The truth is that most of these students work hard, and I know they can do better on their exams. The problem is that they’ve never been properly taught how to take an exam. It’s really that simple. The U.S. education system fails at this—I know this both because I have marked a lot of exams and because I learned exam-taking skills elsewhere.
Putting aside modesty, I admit to being a master exam-taker. Growing up in Hong Kong, I learned to excel within the British-run education system, which was marked by incessant assessment. The most important exam of the lot was the Certificate of Education (HKCE), which has the status of the SAT or ACT in the United States and is used by universities as a standard for admission. So, at 17, I sat for 20 HKCE exams in nine subjects over the course of a month, ranging from language to math, from physics to world history. These exams were hyper-competitive, as there were only two universities in Hong Kong at the time.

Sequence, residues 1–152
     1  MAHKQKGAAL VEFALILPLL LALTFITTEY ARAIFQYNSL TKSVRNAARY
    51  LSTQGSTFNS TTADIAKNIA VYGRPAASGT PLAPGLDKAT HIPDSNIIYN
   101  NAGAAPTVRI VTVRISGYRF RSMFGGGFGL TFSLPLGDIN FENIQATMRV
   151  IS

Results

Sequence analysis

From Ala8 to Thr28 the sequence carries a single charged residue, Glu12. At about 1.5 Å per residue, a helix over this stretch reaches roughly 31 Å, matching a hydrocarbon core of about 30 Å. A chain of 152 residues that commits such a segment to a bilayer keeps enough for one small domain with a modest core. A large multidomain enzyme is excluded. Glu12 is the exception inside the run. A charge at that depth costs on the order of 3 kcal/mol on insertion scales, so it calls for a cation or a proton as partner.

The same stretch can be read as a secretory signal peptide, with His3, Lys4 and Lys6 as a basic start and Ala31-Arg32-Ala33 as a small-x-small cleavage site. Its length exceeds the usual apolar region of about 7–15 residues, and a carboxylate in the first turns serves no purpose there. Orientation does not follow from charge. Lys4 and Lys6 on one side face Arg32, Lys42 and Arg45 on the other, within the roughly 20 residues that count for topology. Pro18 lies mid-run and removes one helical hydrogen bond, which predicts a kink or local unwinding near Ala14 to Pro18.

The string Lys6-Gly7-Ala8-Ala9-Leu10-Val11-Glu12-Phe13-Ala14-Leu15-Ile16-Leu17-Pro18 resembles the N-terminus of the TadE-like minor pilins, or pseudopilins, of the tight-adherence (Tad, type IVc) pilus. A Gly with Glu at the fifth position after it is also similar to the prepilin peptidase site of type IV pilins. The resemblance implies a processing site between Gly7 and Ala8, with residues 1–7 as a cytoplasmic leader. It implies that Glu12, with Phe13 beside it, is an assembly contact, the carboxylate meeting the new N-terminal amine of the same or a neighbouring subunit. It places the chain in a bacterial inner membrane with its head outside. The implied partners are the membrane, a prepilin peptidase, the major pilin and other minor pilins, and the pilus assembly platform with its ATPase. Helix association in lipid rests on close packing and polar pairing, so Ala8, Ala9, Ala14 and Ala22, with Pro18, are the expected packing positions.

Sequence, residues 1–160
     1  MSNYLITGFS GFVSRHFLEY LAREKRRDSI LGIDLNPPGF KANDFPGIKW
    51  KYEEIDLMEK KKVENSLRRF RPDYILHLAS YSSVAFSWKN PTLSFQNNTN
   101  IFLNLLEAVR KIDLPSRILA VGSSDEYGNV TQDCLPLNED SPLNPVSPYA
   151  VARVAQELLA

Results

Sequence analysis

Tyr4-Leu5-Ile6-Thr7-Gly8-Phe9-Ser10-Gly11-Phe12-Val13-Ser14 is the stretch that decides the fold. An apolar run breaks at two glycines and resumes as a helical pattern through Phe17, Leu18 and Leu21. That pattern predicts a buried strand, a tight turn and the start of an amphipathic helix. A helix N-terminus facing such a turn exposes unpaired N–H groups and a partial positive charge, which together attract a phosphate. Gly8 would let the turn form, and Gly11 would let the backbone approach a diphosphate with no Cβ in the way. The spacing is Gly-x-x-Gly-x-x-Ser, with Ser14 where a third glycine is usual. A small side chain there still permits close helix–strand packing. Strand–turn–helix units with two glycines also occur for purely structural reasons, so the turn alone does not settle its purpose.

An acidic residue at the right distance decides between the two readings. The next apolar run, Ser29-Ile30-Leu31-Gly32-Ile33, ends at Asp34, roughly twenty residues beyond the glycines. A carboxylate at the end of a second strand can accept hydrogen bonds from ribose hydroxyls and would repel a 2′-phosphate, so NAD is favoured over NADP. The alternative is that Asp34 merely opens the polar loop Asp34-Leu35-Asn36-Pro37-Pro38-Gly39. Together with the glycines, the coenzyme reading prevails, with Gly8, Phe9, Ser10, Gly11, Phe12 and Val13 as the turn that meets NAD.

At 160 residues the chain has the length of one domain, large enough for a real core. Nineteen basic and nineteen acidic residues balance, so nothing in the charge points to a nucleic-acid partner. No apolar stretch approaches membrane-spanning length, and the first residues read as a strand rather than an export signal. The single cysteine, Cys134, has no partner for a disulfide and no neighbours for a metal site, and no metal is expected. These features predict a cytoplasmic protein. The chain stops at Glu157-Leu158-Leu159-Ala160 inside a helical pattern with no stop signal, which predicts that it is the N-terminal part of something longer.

These experiences lead to a reality: exams are not only about how much you know in your head, but also about how you demonstrate that knowledge before the hourglass runs out. Think about a gymnastics competition at the Olympics. The gold medal goes to the gymnast who performs the best routine in front of the judges, not the one who does unbelievable tricks when no one is watching.
Whether you’re a student or the parent of one, rest assured I’m not prescribing more studying, but instead offering practical, tactical tips.
1. Do nothing in the first minutes.
When I say “GO!” at the start of an exam, my students usually start typing away noisily within seconds. But an exam is not a freestyle sprint that separates swimmers by a tenth of a second. Starting on your answers right away is like starting your rental car without first figuring out where you’re going. Not recommended.